"The major difference is [insurgents] are not enjoying the same support and sympathy as in April," says Mr. Alani. "There is a major shift in people's perception after they see Samarra stable. People are sick and tired [of fighting]."
"This [offensive] should not be left for long, or this positive image of the Sadr peace and Samarra will be lost," says Alani. "The time factor is important."
Untested Iraqi forces disintegrated during joint US attempts to move on Fallujah last April, after the killing and mutilation of four American contractors. While by all accounts they performed better in Samarra, all agree that controlling Fallujah is a far more complicated and dangerous task.
"Samarra had been claimed a success story long before the [US-Iraqi] attack," says Dan Plesch, a defense analyst at the University of London. "They did Samarra because they could do Samarra, and not because it was a big problem."
Any concerted attack against Fallujah before the US presidential election on Nov. 2, he says, is likely to be an electoral ploy, because "you can't turn a president down when a war is on," says Mr. Plesch. "I think that they can declare victory that will last several news cycles, until something else goes wrong."
The "success" of the Najaf and Samarra examples is also under strain, as promised infusions of aid have been sporadic at best, says Anthony Cordesman, a veteran defense and Iraq analyst at the Center for Strategic and International Studies in Washington.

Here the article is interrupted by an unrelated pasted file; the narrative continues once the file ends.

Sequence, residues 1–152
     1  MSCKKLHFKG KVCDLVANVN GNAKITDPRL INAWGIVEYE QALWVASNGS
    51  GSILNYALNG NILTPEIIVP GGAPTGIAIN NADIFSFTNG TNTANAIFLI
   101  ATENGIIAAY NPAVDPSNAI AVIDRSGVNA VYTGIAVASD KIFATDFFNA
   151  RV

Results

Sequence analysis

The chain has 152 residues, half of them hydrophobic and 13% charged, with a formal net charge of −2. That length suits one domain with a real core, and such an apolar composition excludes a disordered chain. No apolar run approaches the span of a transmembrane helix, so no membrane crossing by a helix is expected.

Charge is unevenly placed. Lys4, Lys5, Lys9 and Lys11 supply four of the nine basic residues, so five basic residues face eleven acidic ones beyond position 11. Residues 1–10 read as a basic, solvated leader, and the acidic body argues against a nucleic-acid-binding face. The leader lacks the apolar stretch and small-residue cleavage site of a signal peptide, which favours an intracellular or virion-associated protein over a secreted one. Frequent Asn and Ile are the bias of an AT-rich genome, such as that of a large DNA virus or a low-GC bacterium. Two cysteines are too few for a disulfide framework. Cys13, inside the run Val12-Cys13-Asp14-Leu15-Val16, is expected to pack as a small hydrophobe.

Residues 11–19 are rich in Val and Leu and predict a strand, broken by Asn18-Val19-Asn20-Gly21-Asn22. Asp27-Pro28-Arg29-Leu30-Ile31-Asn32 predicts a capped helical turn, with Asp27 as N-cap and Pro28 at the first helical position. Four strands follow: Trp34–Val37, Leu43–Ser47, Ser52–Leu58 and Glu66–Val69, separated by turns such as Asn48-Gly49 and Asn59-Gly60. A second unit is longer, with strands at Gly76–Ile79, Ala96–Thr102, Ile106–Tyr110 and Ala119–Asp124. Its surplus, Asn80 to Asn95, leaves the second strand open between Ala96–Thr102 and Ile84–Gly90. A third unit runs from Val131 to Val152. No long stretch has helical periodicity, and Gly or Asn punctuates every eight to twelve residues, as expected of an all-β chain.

"For years in Vietnam, we would go in, 'pacify' areas by force, and then move away leaving a vacuum behind that the Vietnamese government could and would not fill," Mr. Cordesman writes in a recent analysis. "The calendar [in Iraq] is much tighter, and there is no slack for delays in effective aid and governance as a follow up to the 'liberation' of no-go towns and areas."
There are also questions about sustainable efforts to win over an increasingly demoralized Iraqi population. Recent polling from the Washington-based International Republican Institute (IRI) found that 85 percent of Iraqis plan to vote, and that 65 percent believe they'll be better off in a year. However, the latter figure has remained steady in previous polls, making it a poor indicator of reaction to recent events.
Other questions showed a sharply negative slide. Last summer, 51 percent of Iraqis thought their country was headed in the right direction; today the number has dropped to 42 percent. Iraqis who believe that security is getting worse has shot up from 31 percent last July, to 45 percent today.
Reining in Fallujah is key to Allawi's strategy for stamping his authority on Iraq. But questions remain about how ready Iraqi forces, under steady attack as collaborators with the US occupation, will be to fight and then maintain order after the battle. The IISS estimates it will be five years before Iraqi forces can assume the entire security burden.
"From Allawi's standpoint, using American forces to impose order is a double-edged sword," says Samore at IISS. "The more he relies on the US to impose order, the more he appears to be nothing more than a puppet of the Americans."
• Staff writers Faye Bowers and Dan Murphy contributed from Washington and Cairo.